Wheelbarrow full of thinned peaches. (photos by Sharon Rico)
My son Joel with our peaches.
An article by Ching Lee in today's Ag Alert focused on the effects of budget cuts on agricultural student programs at California universities. "Budget cuts have had a profound effect on all areas of the campus," Diane Ullman, associate dean for undergraduate academic programs at UC Davis College of Agricultural and Environmental Sciences, told the reporter. She explained the college faces challenges keeping agricultural production facilities, instructional equipment and technologies updated to deliver hands-on education — even though the office has seen student applications increase by 70–80 percent.
Tom Baldwin, dean of UC Riverside College of Natural and Agricultural Sciences, also commented on the challenges of serving students in the face of diminishing resources, saying the university is "moving heaven and earth" to do so.
The cuts are being felt at on-campus farms as well. Raoul Adamchak, of the UC Davis Student Farm, explained that the market garden generates its own income and provides a lesson to students on self-sustaining businesses. "Things cost money, and these are part of the expenses of farming, so it has to be factored in. They have to make decisions based on the cost of things and the returns," he said.
Peach association to major retailer: Buy U.S.-grown
Christine Souza, Ag Alert
The California Canning Peach Association has asked Target to consider California fruit for its Market Pantry-brand canned peaches, which are currently a product of China. Wal-Mart carries a comparable product made from California cling peaches, with a lower retail price.
Reporter Christine Souza sought expert commentary from Roberta Cook, UC Cooperative Extension marketing specialist at the Davis campus, on the current market for California cling peaches. "When you are talking about processed items, if another country can produce it a lot cheaper than you, then you will be vulnerable to competition. And consumer preferences have moved towards fresh. So [California cling-peach businesses] are hit by both factors," she told the reporter.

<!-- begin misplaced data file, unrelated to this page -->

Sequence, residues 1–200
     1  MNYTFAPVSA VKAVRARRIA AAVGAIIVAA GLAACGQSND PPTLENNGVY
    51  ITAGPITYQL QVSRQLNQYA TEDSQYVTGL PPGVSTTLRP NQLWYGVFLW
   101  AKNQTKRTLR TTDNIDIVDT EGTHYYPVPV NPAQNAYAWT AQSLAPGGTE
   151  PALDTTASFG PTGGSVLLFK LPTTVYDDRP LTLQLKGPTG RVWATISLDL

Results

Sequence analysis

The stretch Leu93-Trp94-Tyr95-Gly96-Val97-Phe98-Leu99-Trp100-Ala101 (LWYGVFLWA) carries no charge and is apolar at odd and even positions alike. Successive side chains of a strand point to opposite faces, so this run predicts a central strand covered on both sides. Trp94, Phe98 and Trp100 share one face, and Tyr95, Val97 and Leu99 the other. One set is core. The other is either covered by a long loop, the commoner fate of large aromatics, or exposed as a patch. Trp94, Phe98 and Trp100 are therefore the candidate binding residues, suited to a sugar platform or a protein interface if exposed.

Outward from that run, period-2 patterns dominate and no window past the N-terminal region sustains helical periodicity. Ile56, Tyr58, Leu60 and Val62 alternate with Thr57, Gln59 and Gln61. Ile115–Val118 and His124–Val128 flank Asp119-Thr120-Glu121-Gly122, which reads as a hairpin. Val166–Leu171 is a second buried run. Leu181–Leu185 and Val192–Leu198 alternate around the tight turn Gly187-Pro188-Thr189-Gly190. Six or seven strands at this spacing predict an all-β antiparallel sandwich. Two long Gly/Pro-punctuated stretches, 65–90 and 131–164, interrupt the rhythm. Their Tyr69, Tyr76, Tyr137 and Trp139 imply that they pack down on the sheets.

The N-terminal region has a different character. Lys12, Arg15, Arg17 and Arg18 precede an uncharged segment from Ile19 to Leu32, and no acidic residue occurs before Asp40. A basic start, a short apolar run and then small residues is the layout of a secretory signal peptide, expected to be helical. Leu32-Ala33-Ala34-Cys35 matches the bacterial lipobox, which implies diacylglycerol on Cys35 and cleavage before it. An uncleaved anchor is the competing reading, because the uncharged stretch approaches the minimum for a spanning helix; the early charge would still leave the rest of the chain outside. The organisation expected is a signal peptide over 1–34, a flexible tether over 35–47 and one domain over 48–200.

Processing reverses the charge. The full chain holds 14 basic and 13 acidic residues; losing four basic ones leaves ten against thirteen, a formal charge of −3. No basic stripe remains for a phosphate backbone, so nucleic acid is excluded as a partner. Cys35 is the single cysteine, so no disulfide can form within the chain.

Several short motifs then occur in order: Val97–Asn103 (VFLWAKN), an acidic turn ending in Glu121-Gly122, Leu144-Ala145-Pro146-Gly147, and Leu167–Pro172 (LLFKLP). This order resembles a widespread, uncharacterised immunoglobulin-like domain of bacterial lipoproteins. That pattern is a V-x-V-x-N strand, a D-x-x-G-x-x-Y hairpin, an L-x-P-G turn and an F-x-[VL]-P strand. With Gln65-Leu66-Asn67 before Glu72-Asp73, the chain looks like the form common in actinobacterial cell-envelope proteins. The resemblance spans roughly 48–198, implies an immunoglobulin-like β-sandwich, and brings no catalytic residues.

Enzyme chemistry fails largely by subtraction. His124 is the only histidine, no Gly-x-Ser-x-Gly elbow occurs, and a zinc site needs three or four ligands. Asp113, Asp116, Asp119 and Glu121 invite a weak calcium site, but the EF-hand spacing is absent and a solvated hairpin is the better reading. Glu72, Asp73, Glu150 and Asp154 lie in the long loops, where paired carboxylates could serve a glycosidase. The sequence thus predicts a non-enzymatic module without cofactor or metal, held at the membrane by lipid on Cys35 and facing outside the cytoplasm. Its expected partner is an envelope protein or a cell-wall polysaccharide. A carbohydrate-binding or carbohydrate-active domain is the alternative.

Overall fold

Related ANR News Blog post: Chinese farmers take a bite out of the California cling-peach market
California cling-peach growers' market dominance is beginning to erode in the face of cheap cling-peach imports from China, according to an article in today's Fresno Bee.
Imports of lower-priced Chinese canned cling-peaches grew from 43,000 cases 10 years ago to more than 2.2 million last year, the article said. Chinese peaches now represent 12 percent of the 16 million cases consumed in the U.S.
To defend their turf, California growers are looking for ways to reduce their production costs. Bee reporter Robert Rodriguez spoke to UC Cooperative Extension farm advisor Roger Duncan about his research with German-made equipment that would cut the cost of spring hand-thinning, a practice that ensures ripe fruit reaches the proper size.
"I am optimistic that growers will take a look at this," Duncan was quoted. "Because it is going to be difficult to compete against a country that can produce a product cheaper than we can.
Mechanical pre-thinning will not replace the hand thinning, but it can reduce the cost -- estimated at about $1,000 an acre -- by 25 to 30 percent.
"We've done lots of studies in California on mechanical and chemical fruit thinning or blossom thinning," Duncan said. "Generally what we see is the earlier you remove those fruit, the larger the remaining fruit are at harvest because there is less competition for nutrients from the mother tree."
In addition to finding efficiencies in their production practices, the cling-peach industry is asking Americans to buy the home-grown product.
"We need to educate consumers that they should be looking for peaches from the U.S.," Reedley farmer Harry Berberian told Rodriguez. "There are a lot of us who have been growing cling peaches for a long time. It's in our blood. And we are going to keep going as long as we can, but it is not going to be easy."
The online version of the Bee story generated many outraged comments from readers, including:
"We used to produce the best peaches in the world, how can we compete with these fellas from China? The folks from this country will work for a few cents a day, they don't complain about the job, and if they do, there's a heck of a lot of Chinese folks that will take their place."
"Who let that happen? We the people want our jobs back that the American government gave to China. It should be economic treason what Wall Street and the government have done!"
UC farm advisor Roger Duncan, center, with a group of California farmers.